Congestive Heart Failure
Nariman Malik, BSc, MD
Geriatrics & Aging.
Congestive heart failure (CHF) is a condition that affects individuals of all ages but is predominantly a medical condition of the elderly. In the elderly, it reflects the consequences of age-related changes in the cardiovascular system compounded by an increasing prevalence of hypertension, coronary artery disease and valvular heart disease.1 Heart failure is a complex clinical syndrome characterized by cardiac function that is inadequate to meet the circulatory demands of the body or only does so at abnormally elevated filling pressures.2,3 The ventricular dysfunction is either systolic or diastolic. A wide variety of etiologies is involved in heart failure; however, the underlying cause is an inability of the heart to properly fill or empty the ventricle. In general, the etiologies of heart failure in the elderly are the same as those in younger patients, although the clinical presentation can be quite different.3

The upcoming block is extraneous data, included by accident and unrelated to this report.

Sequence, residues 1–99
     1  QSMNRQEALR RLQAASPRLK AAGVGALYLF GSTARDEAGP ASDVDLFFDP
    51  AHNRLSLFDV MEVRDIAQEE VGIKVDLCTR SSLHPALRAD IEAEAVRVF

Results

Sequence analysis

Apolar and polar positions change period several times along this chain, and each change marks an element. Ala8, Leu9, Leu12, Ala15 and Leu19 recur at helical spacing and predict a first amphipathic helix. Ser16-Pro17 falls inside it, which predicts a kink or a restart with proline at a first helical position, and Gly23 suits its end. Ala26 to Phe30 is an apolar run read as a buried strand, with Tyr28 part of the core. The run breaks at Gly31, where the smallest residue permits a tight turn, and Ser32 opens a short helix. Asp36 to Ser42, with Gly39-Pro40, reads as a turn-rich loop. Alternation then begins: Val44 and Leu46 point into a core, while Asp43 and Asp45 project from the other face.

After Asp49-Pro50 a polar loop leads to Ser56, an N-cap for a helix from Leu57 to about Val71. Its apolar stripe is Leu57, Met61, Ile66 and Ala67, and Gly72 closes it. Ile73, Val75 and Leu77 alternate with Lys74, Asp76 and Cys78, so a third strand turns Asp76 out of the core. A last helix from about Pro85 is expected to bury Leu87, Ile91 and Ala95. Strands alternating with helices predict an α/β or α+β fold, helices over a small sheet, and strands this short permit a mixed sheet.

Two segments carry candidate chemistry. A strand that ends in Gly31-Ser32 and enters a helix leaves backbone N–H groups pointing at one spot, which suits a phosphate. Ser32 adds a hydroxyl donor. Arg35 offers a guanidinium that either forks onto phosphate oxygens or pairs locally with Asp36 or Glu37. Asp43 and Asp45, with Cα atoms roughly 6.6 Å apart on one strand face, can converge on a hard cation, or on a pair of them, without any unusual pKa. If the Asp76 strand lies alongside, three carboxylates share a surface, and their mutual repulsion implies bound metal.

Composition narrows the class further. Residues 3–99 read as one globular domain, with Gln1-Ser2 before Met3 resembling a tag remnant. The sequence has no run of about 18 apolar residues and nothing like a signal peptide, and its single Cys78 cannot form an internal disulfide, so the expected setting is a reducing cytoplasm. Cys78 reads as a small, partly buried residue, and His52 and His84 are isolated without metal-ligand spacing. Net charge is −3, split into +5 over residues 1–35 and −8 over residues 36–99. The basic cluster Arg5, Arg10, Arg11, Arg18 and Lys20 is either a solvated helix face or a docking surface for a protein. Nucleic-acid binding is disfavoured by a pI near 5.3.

CHF is the leading cause of admissions to hospital in individuals over the age of 65.2,4 In the United States, it is considered the most expensive cardiovascular disorder because of its high incidence and intensive use of medical resources; estimated costs related to this condition are in excess of $20 billion per year.